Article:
Duvall v. Lewis et al
OPINION AND ORDER: GRANTING 12 MOTION TO DISMISS FOR FAILURE TO STATE A CLAIM by Defendants Margie Comacho, Rodney Lewis and ORDERING this cause DISMISSED. The court affords Mr. Duvall until 6/9/2015 within which to file an amended complaint if he wishes to do so. Signed by Judge Robert L Miller, Jr on 5/26/2015. (lhc)
UNITED STATES DISTRICT COURT
NORTHERN DISTRICT OF INDIANA
RODNEY LEWIS, PRESIDENT LOCAL
1014, AND MARGIE COMACHO,
CAUSE NO. 2:14-CV-350-RLM-PRC
OPINION and ORDER
Defendants Rodney Lewis and Margie Comacho filed a motion to dismiss
plaintiff Elbert Duvall’s pro se complaint. The court notified Mr. Duvall of his
obligation to respond to the motion. He hasn’t responded, and the time to do so
In his complaint, Mr. Duvall says that he worked for the Local 1014 of
the U.S. Steelworkers Union for thirty years. Mr. Duvall claims he was injured
on the job in 2014, but was denied worker’s compensation for that injury. Less
than a week later, he says the Union’s president, Mr. Lewis, terminated his
employment for “not cleaning the building and leaving it nasty, and also for
allegedly making threats to him.” Mr. Duvall says these accusations are false.
Mr. Duvall claims his replacement is 22 years old and Hispanic and within the
past year the Union has replaced all of the African American employees with
Hispanic employees. Mr. Duvall alleges that he was discriminated against
based on his race – African American – and age – 66. On a form employment
discrimination complaint, Mr. Duvall alleges violations of Title VII of the Civil
Rights Act of 1964, as amended, 42 U.S.C. § 2000e-5, the Age Discrimination
in Employment Act, 29 U.S.C. § 623, and his equal rights under the law, 42
U.S.C. § 1981. He attached a copy of his Charge of Discrimination (received by
the Indianapolis EEOC office on May 6, 2014) to the complaint and indicated
that he received a right to sue notice from the EEOC on July 28, 2014.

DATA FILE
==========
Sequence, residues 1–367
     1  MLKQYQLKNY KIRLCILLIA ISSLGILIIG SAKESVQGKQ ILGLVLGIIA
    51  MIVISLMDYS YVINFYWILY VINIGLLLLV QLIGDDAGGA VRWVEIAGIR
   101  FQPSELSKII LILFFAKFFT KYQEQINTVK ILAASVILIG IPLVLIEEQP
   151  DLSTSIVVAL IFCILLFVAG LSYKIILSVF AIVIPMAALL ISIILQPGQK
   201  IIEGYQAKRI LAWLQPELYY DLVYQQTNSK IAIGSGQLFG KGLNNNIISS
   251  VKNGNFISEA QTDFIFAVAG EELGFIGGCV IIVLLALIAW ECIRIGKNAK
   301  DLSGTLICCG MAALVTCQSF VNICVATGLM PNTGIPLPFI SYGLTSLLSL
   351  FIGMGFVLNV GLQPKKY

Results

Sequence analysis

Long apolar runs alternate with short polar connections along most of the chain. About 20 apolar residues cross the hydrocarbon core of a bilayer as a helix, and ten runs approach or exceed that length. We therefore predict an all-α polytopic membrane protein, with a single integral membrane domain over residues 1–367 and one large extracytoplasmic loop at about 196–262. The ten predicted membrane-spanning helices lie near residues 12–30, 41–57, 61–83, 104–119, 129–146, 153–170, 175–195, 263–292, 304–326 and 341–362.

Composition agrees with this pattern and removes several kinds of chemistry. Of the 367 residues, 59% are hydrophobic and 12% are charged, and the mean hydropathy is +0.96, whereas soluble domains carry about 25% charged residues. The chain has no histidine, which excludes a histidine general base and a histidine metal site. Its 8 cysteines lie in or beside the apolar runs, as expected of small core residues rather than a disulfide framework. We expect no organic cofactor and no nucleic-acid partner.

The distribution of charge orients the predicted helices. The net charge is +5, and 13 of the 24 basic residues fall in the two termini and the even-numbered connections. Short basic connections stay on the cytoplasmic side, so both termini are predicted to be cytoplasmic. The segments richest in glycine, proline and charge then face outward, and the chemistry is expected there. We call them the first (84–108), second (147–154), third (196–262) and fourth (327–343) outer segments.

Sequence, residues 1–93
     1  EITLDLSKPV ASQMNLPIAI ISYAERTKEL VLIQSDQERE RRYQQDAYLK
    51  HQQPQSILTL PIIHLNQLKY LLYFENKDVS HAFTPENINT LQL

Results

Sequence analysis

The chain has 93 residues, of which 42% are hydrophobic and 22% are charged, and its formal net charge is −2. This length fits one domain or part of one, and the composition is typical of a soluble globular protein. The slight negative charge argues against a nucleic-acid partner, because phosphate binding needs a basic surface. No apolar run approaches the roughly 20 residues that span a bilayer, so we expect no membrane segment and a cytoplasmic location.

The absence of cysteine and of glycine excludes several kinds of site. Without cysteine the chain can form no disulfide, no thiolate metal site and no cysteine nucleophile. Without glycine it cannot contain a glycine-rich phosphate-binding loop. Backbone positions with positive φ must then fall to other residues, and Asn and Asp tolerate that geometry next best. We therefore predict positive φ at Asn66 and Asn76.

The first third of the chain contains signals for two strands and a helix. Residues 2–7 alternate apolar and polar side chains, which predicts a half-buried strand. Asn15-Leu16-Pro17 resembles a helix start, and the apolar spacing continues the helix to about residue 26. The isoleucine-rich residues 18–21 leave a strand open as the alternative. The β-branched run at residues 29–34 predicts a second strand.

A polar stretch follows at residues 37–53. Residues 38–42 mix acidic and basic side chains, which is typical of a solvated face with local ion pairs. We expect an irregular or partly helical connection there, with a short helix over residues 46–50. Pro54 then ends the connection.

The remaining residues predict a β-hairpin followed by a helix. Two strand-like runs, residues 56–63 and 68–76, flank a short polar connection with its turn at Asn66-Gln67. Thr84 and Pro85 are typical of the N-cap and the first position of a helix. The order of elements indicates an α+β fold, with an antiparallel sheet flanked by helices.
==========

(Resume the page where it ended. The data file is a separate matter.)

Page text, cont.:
The defendants don’t specify the basis for the motion to dismiss, but
both contend the complaint doesn’t state a claim upon which relief may be
granted, which is grounds for dismissal under Federal Rule of Civil Procedure
12(b)(6). When considering a Rule 12(b)(6) motion to dismiss, the court
construes the complaint in the light most favorable to the nonmoving party,
accepts all well-pleaded facts to be true, and draws all inferences in the
nonmoving party’s favor. Reynolds v. CB Sports Bar, Inc., 623 F.3d 1143, 1146
(7th Cir. 2010). To survive a dismissal motion, a “complaint must contain
sufficient factual matter, accepted as true, to state a claim to relief that is
plausible on its face.” Id. (quoting Ashcroft v. Iqbal, 556 U.S. 662, 678 (2009)).
Mindful of Mr. Duvall’s pro se status, the court reads his complaint liberally.
Hudson v. McHugh, 148 F.3d 859, 864 (7th Cir. 1998). The court will “give a
pro se plaintiff a break when, although he stumbles on a technicality, his
pleading is otherwise understandable.” Id. Still, the court is under “no
obligation to act as counsel or paralegal to pro se litigants.” Myles v. United
States, 416 F.3d 551, 552-553 (7th Cir. 2005) (quoting Pliler v. Ford, 542 U.S.
225, 231 (2004)).
DEFENDANT MARGIE COMACHO
Ms. Comacho argues that neither the complaint nor the EEOC charge
contains an allegation that she did anything illegal or improper. Indeed, the